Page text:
Bowfishing is a great sport that has been ongoing for many years. If you want to get pumped up on a “sportswoman’s high,” you should give it a try. As you’ve probably guessed by the name, bowfishing is a method of fishing that utilizes specialized archery equipment to shoot and retrieve fish. Fish are shot with a barbed arrow that is attached with special line to a reel mounted on the bow.
Opportunities for bowfishing are wide and varied:
Day or night bowfishing
Bank or wading
Shooting from a boat
Big game bowfishing
The start-up costs are relatively low, considering what a blast you will have participating in this sport. The following pricing is considered average, but can vary greatly, depending on the quality and/or brand selected.
There are two main types of bows utilized, traditional (long bow and recurve bow) and compound bows. Aiming is by line-of-sight judgment, sighting down the arrow, as most bowfishing bows do not have sights. They also have light draw weight and little to no let-off. Recurve bow: $125 to $150, compound bow: $250 to $350
The most commonly used retriever is the AMS Standard Retriever. Retriever reels have a bottle that holds the line. Bowfishing spincast reels are designed much like regular fishing spincast reels. Hand-wrap reels are a circular spool with line wrapped onto it by hand and secured in a line-holding slot.
The line for the reels is typically braided nylon, with common line weights ranging from 80- to 400-pound test. 600-pound test line is recommended for alligators. Line colors can be found in neon green, pink, orange and also available in white. Reels or retrievers: $70 to $100
Bowfishing arrows are most commonly constructed of five-sixteenth inch fiberglass, they are also available in solid aluminum and carbon fiber. No fletching is necessary as it can cause the arrow to divert direction underwater, and is not needed at the short range you’ll be shooting. Arrows: $30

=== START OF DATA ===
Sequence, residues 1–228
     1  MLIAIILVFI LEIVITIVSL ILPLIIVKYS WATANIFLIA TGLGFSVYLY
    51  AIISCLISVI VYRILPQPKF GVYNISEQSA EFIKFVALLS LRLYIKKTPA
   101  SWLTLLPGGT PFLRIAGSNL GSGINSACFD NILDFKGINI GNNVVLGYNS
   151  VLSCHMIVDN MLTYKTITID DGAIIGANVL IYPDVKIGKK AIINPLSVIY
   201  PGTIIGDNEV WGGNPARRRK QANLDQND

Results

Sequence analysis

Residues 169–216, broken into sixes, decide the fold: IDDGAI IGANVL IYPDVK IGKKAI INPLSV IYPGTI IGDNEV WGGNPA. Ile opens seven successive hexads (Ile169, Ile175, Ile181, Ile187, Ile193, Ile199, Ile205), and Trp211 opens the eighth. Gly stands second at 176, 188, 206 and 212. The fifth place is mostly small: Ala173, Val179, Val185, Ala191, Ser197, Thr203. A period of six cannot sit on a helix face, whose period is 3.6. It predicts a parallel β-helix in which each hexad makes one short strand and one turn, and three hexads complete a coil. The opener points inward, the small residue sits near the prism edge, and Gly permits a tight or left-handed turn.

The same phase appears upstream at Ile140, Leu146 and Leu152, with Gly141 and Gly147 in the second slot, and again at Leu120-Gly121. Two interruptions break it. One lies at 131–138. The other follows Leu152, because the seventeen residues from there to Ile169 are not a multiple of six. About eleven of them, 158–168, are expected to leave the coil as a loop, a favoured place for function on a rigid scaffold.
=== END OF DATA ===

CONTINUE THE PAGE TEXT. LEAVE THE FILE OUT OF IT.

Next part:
Polarized sunglasses make all the difference in the world when it comes to seeing fish in the water. They cut the glare on the surface of the water, enabling you to see below the surface. The lenses are available in different tints and colors, depending on the clarity and color of water you are bowfishing. Polarized sunglasses: $20
Several companies have women’s waders available: Cabela’s, LL Bean, Gander Mountain, Bass Pro and Frogg Toggs, just to name a few. Hip waders: $120 to $150
Some consider night bowfishing from a boat to be the ultimate bowfishing experience, although the added expense of a boat and lighting dramatically increase the cost of this sport. On the other hand, along with increased costs, you increase your bowfishing opportunities tremendously. The boat allows greater mobility and access to varying bodies of water.
Carp, gar, suckers and eel are among the types of fish legal for bowfishing in Missouri. Now, if you’re looking for a more intense challenge in your bowfishing adventure, you could try your hand at big game bowfishing for alligator, shark, Gator gar and Big Southern stringray. This is a whole different league of bowfishing in and of itself. Big game bowfishing requires a heavier-duty bow setup, and most situations would require a boat. This type of bowfishing can be experienced in freshwater lakes, saltwater, marshes and open waters.
The following is personal favorite recipe of mine:
PO’ BOY’S SHRIMP
Unlimited number of carp. After cleaning and preparing carp for consumption, cut into one-inch chunks. Place in a pan of water enough to cover the fish and bring to a boil. Add salt and any preferred seasonings to the boiling water. (Cajun seasoning is a great selection.) Boil the fish until tender, then drain water off. As with shrimp, the carp can be served hot or chilled and served with shrimp cocktail sauce on the side.